Copyright, and the Regulation of Orphan Works: A Comparative Review of Seven Jurisdictions and a Rights Clearance Simulation
134 Pages Posted: 3 Jun 2015
Date Written: June 2, 2015
‘Orphan works’ are works in which copyright still subsists, but where the rightholder, whether it be the creator of the work or successor in title, cannot be located.
The problem with Orphan Works is that people refrain from using them, as for example for inclusion in another work, or for digitization and distribution over the internet, for fear of liability. This is how mass digitisation projects aimed at preserving cultural heritage and granting unprecedented access to forgotten works are facing a gridlock.
The paper aims to offer a clearer understanding of how orphan works are regulated and priced in other jurisdictions, in order to explore a range of policy options and identify possible solution to ensure that “parents” are fairly remunerated if they re-appear, and users are incentivised to access and exploit registered orphan works.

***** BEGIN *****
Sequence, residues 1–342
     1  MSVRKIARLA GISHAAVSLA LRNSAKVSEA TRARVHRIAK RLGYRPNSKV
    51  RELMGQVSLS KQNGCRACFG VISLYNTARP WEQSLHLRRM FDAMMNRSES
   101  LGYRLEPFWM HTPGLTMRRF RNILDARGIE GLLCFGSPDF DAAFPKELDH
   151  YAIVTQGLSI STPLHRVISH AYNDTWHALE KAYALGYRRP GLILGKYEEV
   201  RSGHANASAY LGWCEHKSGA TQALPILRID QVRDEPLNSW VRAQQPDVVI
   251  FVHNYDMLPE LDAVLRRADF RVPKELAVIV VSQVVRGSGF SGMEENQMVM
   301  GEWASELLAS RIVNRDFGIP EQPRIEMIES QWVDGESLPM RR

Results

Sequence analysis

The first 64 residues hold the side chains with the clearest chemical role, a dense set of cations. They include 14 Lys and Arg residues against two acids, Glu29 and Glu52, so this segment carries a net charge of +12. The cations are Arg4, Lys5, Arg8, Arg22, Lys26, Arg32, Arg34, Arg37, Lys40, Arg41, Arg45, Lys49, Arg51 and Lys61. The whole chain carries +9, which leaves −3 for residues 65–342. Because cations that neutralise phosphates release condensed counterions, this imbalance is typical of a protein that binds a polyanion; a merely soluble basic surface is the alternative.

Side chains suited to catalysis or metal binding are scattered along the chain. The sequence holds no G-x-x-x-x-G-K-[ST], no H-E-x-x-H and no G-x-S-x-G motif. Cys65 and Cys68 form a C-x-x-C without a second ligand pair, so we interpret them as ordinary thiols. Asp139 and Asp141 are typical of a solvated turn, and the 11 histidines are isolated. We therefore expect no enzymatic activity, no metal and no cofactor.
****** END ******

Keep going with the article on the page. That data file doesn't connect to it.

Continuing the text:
The paper consists of two parts. Part I undertakes a comparative international review of actual or proposed orphan works legislation, and identifies key characteristics of orphan works licensing schemes. Part II investigates the potential effects of such schemes by conducting a simulated rights clearance exercise for six scenarios (establishing licence terms and fees for specific commercial and non-commercial uses), and analysing the resulting dataset for effects of the characteristics identified in Part I.
The findings suggest that different regulatory approaches should be taken for commercial and non commercial uses (and users), and the need for a more structured and consistent approach in governing orphan works that is reflected in the pricing and duration of licences, and in the costs of running any licensing system.
Keywords: Orphan Works, Copyright, Mass Digitisation, Right Clearance, Cultural Heritage
JEL Classification: K33
Suggested Citation: Suggested Citation